Commentary: Do pastors really have the cure for HIV/AIDS? Cultural beliefs and often times lack of funds prevent ordinary Ghanaians from seeking medical help when they get sick and for a long time. For some, it's much cheaper and easier to consult a pastor or a herbalists with often results in no recovery. The article below is an interesting read, especially with the current trend where pastors claim to have 'cures' for all kinds of diseases and their followers believe them. In most of such churches the majority of the followers and therefore, victims, are women.
‘My pastor said he’d healed me of HIV’
The Ghanaian Times, Wednesday, September 16, 2009, Page 7
Akrong Seth’s pastor at church told him that he had cured him of HIV and then assured him it was not necessary to visit a clinic.
When Seth visted a doctor and was informed that he was still HIV positive, he called the physician a liar. “The pastor has cured me,” he said. “And I kept pumping into women.” He did not use condoms.
He attended the church for two years, and spent more than GH¢4,000 paying the pastor for various treatments. Seth finally confronted the pastor after his wife became infected with the virus. “When I told [the pastor] that I was HIV positive and my wife as positive, he (pastor) told me that foreign blood had come to me.”
It wasn’t until Seth witness the death of hundreds of people that he finally returned to his doctor to be placed on anti-retroviral drugs, which he has been using for five years. The 57-year-old has been infected with HIV for 17 years, and continues to live with his wife at Korle-Bu. His experience motivated him to campaign for HIV awareness. “In 1982, I was going around churches and villages telling them that HIV is real. If you follow the pastor, you will lose your life. Anyone who tells you that ‘I have a cure’ is a liar.”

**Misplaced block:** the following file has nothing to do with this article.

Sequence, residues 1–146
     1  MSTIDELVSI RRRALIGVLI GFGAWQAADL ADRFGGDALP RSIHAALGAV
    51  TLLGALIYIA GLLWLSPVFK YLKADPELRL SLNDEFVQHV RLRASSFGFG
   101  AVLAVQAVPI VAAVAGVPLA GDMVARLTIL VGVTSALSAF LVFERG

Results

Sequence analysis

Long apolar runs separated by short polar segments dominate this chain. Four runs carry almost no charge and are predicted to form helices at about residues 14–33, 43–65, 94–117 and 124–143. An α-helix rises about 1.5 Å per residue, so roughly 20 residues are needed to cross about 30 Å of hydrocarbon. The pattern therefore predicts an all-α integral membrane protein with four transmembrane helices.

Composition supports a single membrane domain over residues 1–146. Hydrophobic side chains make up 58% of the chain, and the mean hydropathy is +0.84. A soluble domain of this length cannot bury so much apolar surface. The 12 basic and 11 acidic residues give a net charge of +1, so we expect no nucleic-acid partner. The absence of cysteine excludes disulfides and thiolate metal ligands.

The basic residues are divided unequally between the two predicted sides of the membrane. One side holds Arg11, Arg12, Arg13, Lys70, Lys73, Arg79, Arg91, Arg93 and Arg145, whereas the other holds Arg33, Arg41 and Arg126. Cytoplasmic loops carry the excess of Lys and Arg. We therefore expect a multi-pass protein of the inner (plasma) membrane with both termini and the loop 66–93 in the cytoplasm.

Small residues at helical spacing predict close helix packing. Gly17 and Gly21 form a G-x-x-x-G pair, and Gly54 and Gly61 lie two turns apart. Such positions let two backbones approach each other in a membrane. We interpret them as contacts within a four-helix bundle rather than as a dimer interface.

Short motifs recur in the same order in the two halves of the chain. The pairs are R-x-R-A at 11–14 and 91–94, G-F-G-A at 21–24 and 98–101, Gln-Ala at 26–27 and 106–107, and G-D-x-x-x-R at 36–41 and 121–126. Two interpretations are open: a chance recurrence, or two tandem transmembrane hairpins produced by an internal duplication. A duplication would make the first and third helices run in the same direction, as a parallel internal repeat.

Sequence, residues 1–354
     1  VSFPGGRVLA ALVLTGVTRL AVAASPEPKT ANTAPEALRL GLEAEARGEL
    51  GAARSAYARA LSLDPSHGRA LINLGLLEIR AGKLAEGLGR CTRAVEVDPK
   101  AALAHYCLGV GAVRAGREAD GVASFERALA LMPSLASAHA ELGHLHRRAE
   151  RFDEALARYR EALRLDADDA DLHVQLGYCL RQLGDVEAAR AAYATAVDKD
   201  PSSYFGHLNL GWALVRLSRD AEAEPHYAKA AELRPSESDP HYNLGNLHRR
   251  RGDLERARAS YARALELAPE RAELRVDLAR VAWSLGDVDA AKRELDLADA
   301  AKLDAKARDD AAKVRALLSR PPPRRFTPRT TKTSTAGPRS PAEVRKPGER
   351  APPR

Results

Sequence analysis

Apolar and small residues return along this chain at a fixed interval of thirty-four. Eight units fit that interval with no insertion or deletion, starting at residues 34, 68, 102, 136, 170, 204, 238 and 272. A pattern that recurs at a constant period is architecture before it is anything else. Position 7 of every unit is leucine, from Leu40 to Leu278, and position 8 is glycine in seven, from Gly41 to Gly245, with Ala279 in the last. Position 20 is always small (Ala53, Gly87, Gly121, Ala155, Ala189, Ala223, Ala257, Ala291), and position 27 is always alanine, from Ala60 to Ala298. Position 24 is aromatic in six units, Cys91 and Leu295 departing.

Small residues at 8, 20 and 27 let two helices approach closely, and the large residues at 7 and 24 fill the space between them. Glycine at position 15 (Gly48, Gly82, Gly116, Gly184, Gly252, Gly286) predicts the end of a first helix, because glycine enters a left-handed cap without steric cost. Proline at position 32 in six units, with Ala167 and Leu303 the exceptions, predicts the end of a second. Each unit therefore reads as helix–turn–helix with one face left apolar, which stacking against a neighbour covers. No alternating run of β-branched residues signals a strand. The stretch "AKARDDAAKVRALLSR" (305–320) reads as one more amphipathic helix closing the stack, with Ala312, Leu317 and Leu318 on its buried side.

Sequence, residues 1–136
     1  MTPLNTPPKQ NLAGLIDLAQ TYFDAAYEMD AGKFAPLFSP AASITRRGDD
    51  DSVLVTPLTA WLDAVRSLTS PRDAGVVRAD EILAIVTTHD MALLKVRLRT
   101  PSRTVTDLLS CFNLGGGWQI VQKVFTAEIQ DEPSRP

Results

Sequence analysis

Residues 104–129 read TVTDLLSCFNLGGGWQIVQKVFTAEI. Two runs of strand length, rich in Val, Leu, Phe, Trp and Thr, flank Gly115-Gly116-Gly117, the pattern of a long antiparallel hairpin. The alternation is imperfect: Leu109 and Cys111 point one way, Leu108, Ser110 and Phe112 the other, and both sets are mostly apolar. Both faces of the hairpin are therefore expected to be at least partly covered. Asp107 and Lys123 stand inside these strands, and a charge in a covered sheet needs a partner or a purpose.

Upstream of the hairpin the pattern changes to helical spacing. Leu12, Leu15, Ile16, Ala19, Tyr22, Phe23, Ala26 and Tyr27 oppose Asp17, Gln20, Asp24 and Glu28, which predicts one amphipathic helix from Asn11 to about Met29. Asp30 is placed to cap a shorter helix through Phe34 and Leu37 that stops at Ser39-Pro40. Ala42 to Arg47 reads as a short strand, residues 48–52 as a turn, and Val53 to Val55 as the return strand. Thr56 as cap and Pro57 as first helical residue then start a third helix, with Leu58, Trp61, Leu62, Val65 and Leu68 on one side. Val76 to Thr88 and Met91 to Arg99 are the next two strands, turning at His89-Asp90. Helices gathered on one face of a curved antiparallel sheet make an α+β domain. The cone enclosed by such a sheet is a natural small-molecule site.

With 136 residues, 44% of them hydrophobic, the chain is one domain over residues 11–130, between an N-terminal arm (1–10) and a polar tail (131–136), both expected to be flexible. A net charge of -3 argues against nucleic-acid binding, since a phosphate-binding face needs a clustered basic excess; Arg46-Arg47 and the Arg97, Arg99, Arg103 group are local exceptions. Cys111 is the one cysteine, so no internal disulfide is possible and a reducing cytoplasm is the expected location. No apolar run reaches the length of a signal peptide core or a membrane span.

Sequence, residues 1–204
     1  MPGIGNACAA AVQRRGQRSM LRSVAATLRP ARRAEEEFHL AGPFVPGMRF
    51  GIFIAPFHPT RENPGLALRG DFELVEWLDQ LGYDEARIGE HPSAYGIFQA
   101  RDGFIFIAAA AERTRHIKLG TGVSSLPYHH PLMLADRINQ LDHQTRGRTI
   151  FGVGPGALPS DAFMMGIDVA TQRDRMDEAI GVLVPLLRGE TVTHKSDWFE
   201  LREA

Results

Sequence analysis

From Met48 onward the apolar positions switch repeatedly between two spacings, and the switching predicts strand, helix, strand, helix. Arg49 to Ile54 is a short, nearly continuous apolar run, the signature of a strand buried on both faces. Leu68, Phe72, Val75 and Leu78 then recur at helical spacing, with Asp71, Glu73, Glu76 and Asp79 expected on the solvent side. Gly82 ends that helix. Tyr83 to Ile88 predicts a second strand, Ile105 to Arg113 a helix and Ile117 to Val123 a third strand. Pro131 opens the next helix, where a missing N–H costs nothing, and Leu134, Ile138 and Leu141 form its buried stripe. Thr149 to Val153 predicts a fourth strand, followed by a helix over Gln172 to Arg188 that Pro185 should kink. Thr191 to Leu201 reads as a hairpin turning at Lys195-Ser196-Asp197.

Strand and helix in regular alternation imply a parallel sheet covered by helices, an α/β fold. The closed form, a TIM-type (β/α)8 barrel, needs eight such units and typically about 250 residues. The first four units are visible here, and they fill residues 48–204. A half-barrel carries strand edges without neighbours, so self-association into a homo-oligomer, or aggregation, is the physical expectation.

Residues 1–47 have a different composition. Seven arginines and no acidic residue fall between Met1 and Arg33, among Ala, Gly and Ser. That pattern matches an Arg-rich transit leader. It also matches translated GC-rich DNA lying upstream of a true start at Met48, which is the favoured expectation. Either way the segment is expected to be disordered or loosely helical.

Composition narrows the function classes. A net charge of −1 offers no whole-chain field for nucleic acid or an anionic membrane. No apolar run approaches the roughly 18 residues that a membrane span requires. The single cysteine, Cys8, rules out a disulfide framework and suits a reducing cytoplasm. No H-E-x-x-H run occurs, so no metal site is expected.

Despite the high knowledge of how to prevent and treat HIV/AIDS infections, many Ghanaians continue to relay on traditional cultural beliefs to avoid the disease, according to UN officials. This misinformation and denial is killing people.
Esi Awotwi, National HIV/AIDS Programme Officer at the United Nation’s Fund for Population Activities (UNFPA), says reducing the stigma associated with the illness, encouraging people to get tested and improving access to anti-retroviral medications and other HIV services are the primary ways of fighting the spread of HIV?AIDS in Ghana. She acknowledges that some cultural ideas and behaviours are impeding these remedies. “We will still have some people visiting herbalists, people still visiting prayers camps for a cure,” she says.
Gifty Torkunu, went to a church to get anointed for a cure when she was diagnosed with HIV six years ago. “I was given two bottles of anointed oil and I drank and I vomited and the pastor told me that I had vomited the virus,” Torkunu, 45, says. She repeated the practices five times, returning to the church for the treatments, before she learned of her HIV-positive status from a doctor, joined a support group and began to take conventional medicine.
“Because of my denial,” she says, “my son died four months ago after becoming infected through my breast milk.”
“The problem we have in this country is that we are God-fearing people,” Torkunu says. “Any problem we have to take it to God, so whatever pastors says, we do. Some people are convinced that if I pray or if I do this without the anti-retroviral drugs, you will be cured. But if God will cure me, it will surely come from above not from the pastor.”
She explained that traditionally in Ghana, people with HIV are thought to be bewitched. “they wouldn’t take you to the hospital. But if you don’t know your status, and think, ‘I don’t know, so I must be oaky,’ you are defeating yourself.”